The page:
The practice of dental care requires the acquisition of many skills and calls as much on theoretical knowledge as on know-how. Teaching such skills thus comes down to developing the acquisition of specific gestures and automatisms specific to it. The ability of the students to carry out clinical procedures competently and independently must be adequately assessed prior to their graduation It is in this context that health simulation, an active and innovative teaching method, has become essential in medical fields. In recent years, the dental Faculty of Strasbourg has used several forms of training implemented with simulation to improve the training of dental students, whether through an escape game or through the use of high-fidelity jaw models.
In this session two colleagues from the Faculty of Dentistry at the University of Strasbourg, Dr Marion Strub, Associate Professor Paediatric Dentistry and Dr Catherine Petit, Associate Professor Periodontology, share some of the experiences of Strasbourg with simulation in dental education. In particular they explore two perspectives:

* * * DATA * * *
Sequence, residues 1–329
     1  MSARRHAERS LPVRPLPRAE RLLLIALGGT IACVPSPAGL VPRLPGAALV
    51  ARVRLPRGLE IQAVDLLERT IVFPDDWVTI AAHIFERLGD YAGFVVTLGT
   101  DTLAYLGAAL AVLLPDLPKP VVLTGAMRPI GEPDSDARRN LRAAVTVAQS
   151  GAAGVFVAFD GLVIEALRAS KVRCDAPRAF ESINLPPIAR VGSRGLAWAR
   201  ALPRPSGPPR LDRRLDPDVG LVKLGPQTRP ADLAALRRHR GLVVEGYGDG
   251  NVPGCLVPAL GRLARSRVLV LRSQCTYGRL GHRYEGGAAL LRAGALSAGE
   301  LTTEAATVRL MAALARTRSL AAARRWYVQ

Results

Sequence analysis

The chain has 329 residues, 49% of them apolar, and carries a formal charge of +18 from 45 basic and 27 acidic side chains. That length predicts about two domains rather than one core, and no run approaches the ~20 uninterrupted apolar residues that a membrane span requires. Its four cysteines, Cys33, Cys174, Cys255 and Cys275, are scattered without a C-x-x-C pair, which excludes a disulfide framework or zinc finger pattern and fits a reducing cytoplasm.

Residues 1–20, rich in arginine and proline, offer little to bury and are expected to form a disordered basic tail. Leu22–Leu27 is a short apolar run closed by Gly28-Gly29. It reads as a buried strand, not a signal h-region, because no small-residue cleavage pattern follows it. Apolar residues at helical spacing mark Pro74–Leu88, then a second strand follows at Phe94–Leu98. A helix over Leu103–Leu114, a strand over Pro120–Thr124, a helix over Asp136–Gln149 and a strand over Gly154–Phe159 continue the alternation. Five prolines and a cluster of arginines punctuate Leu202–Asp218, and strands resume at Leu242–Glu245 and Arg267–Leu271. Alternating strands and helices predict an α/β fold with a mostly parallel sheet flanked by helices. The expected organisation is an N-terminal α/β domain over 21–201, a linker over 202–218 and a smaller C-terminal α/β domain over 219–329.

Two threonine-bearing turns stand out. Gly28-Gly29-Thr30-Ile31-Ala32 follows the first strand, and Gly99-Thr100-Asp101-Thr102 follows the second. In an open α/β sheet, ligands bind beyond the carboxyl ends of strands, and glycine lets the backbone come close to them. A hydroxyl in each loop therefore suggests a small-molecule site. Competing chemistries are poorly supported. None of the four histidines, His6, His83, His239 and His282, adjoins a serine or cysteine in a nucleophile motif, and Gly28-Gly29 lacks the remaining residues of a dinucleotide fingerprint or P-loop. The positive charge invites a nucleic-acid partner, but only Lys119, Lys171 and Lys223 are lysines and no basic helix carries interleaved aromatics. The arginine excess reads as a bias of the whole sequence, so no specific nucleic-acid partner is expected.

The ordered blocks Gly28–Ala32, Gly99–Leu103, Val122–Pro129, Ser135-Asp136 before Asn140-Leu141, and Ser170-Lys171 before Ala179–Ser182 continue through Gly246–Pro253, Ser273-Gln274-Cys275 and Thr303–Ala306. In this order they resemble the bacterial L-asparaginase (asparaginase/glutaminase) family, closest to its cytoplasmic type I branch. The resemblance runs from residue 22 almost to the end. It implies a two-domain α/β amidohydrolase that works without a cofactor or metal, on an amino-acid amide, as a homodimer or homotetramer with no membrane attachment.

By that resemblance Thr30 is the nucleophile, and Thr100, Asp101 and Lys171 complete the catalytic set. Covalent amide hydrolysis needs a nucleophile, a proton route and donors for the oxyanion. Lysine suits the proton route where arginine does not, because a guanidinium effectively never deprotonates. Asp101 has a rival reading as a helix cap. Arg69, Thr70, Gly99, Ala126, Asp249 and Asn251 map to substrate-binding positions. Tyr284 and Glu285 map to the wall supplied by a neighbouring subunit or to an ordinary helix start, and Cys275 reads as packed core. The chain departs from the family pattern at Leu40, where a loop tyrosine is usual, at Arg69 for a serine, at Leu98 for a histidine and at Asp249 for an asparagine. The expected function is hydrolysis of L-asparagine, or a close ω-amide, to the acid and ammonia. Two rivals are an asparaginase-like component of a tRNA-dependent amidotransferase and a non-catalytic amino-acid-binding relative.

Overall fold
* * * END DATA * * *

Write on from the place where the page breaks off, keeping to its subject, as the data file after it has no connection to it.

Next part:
Educational escape games come under active pedagogy approaches, combining game and simulation. It is a collaborative game in which students are "locked" in rooms they can only get out of after solving puzzles relating to dentistry. The goal is to mobilize professional skills in a fun environment. In 2020, the dental faculty of Strasbourg developed an escape game for 6th year students. Several dental disciplines were used as game topics, such as paediatric dentistry, prosthesis, orthodontics, radiology, oral pathology. The purpose was to evaluate the effectiveness of this educational tool aimed at cultivating team spirit and group cohesion in dentistry students. The second objective was to assess the level of satisfaction of participants. Self-administered questionnaires have been completed by each participant immediately after the game. The results concluded that escape games in dental schoo